Climate change to boost summer flash floods, says study
Global warming will lead to a significant increase in extreme summer downpours in the UK, a study suggests.
The Met Office and Newcastle University researchers say there could be five times the number of "extreme rainfall events" exceeding 28mm per hour, under extreme warming projections.
This would cause "really severe" flash flooding in many parts of the UK, according to the scientists.
However, they caution that this result is based on only one computer model.
Flash flooding in Britain has had devastating impacts on communities in recent years.
End Quote Dr Lizzie Kendon Met Office
We are talking about thresholds of 30mm and above in an hour over quite a large area here, which would be associated with really severe flash flooding”
In Boscastle, north Cornwall, about 200mm (8in) of rain fell in four hours in August 2004 causing a 3m wall of water to sweep through the village.
In the summer of 2012, in Newcastle, the equivalent of a month's rain fell in just two hours, causing widespread flooding in the city.Super models
Researchers have struggled to work out how global warming might affect these types of events.
Until now, their climate models have not been good enough to work out the effect on extreme hourly rainfall in the warmer months.
To improve the resolution of their model, researchers in this latest experiment used 1.5km grid spacings instead of the normal 12km.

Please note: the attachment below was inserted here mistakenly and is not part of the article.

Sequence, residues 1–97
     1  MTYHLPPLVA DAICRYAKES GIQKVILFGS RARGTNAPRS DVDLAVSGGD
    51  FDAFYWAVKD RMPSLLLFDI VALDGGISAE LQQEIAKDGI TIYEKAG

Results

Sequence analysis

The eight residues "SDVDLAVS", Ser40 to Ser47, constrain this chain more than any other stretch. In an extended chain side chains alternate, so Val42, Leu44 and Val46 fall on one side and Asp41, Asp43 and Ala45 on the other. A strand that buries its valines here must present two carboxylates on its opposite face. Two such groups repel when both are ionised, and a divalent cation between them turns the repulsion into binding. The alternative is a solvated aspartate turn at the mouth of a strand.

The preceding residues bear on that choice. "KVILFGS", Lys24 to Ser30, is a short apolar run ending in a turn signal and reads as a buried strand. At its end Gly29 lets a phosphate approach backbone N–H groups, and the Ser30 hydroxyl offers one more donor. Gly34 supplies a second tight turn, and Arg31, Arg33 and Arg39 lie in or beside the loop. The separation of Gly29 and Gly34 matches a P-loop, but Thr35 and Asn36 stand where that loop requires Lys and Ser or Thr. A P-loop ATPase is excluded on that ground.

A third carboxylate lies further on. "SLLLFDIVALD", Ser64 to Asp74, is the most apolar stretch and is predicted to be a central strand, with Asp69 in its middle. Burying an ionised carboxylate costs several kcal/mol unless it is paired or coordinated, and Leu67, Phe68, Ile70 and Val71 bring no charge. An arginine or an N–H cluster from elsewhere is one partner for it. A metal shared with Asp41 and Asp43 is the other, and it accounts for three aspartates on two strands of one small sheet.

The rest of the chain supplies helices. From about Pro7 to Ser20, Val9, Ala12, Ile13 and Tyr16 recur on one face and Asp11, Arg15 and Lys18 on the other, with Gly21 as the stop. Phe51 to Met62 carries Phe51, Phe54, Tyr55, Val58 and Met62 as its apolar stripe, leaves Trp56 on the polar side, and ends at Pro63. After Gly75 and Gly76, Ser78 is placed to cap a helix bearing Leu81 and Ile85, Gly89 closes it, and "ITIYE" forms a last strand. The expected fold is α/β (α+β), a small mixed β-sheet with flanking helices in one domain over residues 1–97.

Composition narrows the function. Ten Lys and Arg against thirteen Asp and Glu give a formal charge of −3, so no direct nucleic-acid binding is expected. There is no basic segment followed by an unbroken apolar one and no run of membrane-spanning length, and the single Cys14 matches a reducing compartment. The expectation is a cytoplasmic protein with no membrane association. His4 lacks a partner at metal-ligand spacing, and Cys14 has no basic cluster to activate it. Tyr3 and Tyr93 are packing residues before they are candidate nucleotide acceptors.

To gain this extra clarity, the Met Office supercomputer was employed for nine months to run the simulations. Even then, they could only model the southern half of the UK.
"Most people would be familiar with this model," Dr Lizzie Kendon, the report's lead author told BBC News.
"It is the same one that is used for the weather forecasts on the BBC, so it is incredibly realistic and it represents these very intense convective-type storms that haven't been captured before."
The researchers used both the low resolution and the high resolution models to examine the climate patterns that have occurred in recent years and to look ahead to what might happen at the end of this century.
They assessed the period up to the year 2100 using the most high-end climate projections from the Intergovernmental Panel on Climate Change.
When they looked at rainfall patterns for the winter months, they found that both the 12km and 1.5km grid models showed an increase in rainfall.
Both models found that summers in the future would be drier overall.
However, when it came to intense downpours, defined as more than 28mm per hour, the higher resolution model saw a significant increase.
It found that there could be up to five times the number of events per hour than we see currently.
"It is dry periods interspersed with these very intense downpours, and we are talking about thresholds of 30mm and above in an hour over quite a large area here, which would be associated with really severe flash flooding," said Dr Kendon.
The researchers stress that this is the result of just one model run and it is not a definitive forecast.
Temperatures may not rise at the level used in the model.
However, the scientists believe that their work shows that global warming will make downpours a more frequent event in British summers.
"From this model experiment and consistent with our theoretical understanding, we have quite a bit of confidence in this result."
Prof Hayley Fowler, from Newcastle University, who is another author of the paper, said the new study was an important step to understanding the flooding risks of the future.
She hopes that other research groups will try to replicate the study.
"The next steps are to see if these changes are consistent with observed trends in summer rainfall extremes and changes projected by climate models in other parts of the world," she added.
The study has been published in the journal, Nature Climate Change.
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